GIRLCHILD

Bright young girl must endure family dysfunction and sexual abuse while coming of age in a Reno trailer park during the late 1980s.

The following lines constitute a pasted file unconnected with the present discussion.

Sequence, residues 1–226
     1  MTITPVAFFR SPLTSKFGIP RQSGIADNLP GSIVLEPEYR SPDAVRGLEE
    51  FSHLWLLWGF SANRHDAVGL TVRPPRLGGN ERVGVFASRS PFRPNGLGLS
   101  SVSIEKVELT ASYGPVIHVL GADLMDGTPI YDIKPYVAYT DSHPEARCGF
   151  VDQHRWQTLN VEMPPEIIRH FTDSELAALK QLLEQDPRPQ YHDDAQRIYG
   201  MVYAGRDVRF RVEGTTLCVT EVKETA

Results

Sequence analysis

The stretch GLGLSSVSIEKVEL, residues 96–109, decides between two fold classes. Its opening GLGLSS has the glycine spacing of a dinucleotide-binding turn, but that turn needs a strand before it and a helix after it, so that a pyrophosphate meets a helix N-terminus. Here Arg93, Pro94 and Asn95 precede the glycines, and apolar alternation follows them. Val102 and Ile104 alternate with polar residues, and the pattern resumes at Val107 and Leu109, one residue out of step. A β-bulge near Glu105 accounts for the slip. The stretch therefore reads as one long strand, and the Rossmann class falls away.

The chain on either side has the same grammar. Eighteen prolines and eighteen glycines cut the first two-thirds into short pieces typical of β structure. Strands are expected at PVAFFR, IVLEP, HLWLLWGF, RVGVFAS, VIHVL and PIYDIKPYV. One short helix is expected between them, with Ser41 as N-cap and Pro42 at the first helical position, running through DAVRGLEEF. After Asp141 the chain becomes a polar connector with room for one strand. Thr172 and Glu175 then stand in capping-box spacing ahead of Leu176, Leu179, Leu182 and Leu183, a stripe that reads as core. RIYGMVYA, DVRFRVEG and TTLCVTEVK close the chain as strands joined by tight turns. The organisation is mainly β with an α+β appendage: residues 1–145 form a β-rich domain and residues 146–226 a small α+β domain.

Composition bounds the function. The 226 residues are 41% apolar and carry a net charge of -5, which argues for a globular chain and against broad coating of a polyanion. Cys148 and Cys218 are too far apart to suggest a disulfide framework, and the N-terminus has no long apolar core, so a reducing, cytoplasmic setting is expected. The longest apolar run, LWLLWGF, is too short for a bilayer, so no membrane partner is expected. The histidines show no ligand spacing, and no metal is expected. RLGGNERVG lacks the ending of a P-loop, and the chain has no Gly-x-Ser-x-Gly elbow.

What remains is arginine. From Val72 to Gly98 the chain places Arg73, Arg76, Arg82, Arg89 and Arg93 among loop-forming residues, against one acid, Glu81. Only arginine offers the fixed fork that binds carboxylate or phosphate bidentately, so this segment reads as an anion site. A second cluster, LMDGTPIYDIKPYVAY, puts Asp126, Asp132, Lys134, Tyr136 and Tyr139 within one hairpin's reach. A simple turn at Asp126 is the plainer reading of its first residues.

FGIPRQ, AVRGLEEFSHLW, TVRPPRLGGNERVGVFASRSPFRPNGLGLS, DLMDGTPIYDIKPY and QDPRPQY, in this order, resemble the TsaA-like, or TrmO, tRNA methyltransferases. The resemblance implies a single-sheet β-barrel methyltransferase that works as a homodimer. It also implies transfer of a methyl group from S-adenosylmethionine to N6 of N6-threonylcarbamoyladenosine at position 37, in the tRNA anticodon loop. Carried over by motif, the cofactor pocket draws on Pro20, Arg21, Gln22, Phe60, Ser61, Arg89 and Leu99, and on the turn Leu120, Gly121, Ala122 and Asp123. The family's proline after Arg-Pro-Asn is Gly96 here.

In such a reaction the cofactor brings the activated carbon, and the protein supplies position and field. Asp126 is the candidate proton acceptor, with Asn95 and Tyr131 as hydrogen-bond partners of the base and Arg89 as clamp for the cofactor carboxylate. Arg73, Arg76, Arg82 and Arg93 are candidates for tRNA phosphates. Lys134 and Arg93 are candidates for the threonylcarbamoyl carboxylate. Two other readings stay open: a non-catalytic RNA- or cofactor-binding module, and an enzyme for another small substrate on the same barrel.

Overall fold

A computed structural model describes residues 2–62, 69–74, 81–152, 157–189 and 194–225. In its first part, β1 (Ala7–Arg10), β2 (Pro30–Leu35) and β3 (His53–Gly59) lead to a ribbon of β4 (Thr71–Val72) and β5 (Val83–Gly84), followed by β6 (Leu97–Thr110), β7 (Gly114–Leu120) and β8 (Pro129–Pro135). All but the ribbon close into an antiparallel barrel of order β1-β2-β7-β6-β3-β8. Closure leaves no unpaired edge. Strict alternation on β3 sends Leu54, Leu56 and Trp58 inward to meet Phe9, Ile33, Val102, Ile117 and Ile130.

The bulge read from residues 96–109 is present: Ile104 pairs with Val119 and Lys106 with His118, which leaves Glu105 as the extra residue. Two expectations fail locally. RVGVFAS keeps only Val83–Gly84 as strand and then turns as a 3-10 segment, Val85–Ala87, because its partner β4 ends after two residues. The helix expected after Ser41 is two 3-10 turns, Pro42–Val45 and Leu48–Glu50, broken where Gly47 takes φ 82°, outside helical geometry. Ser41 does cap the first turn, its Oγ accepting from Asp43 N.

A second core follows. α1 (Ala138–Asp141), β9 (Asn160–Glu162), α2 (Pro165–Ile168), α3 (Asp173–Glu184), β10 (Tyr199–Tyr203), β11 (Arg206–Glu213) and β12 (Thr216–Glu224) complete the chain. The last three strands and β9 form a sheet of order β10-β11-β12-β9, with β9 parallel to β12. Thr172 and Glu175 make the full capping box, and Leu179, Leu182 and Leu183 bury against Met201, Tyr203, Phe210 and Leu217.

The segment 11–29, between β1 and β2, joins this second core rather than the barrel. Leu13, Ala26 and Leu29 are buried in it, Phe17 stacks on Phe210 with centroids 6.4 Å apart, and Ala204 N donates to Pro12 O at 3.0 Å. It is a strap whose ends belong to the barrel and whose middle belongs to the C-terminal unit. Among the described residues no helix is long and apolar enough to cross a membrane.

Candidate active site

Life in the Calle de Las Flores trailer park, as Rory Dawn Hendrix tells it, comes with its own unique rituals and social mores. People live paycheck-to-paycheck, cops and child-protective services are the natural enemies and getting away from the Calle is “an act of will akin to suicide, in force and determination.” An excellent student whose off-the-charts test scores amaze and confound her teachers, Rory nonetheless feels she is of “feebleminded” stock. Her hard-drinking mother Johanna tends bar at the Truck Stop, relying on her lissome figure to eke out tips. Bearing four sons before she was 21 years old (and losing all her teeth by the time she was 25), Johanna has more than her fair share of demons. Her four grown sons chose to live with their father over her, and she seems ill equipped to take care of herself, let alone another person. Like Johanna, Rory’s grandma Shirley Rose has an ugly history with men, and an addiction of her own. She prefers the slots, and looks after Rory while her mom works. When she finally moves from the Calle, Johanna entrusts Rory to a sullen teenage neighbor, Carol. It turns out that Carol’s father, popularly known as the Hardware Man, has been molesting Carol, and preys upon Rory as well. And when he in turn moves away, taking that secret with him, it is left to Rory to rebuild her shattered self-esteem. Taking inspiration from a battered library copy of The Girl Scout Handbook, Rory does a remarkable job raising herself, while trying to let go of the people (and hurts) that no longer serve her. With a compelling (if harrowing) story and a wise-child narrator, Hassman’s debut gives voice—and soul—to a world so often reduced to cliché. A darkly funny and frequently heartbreaking portrait of life as one of America’s have-nots.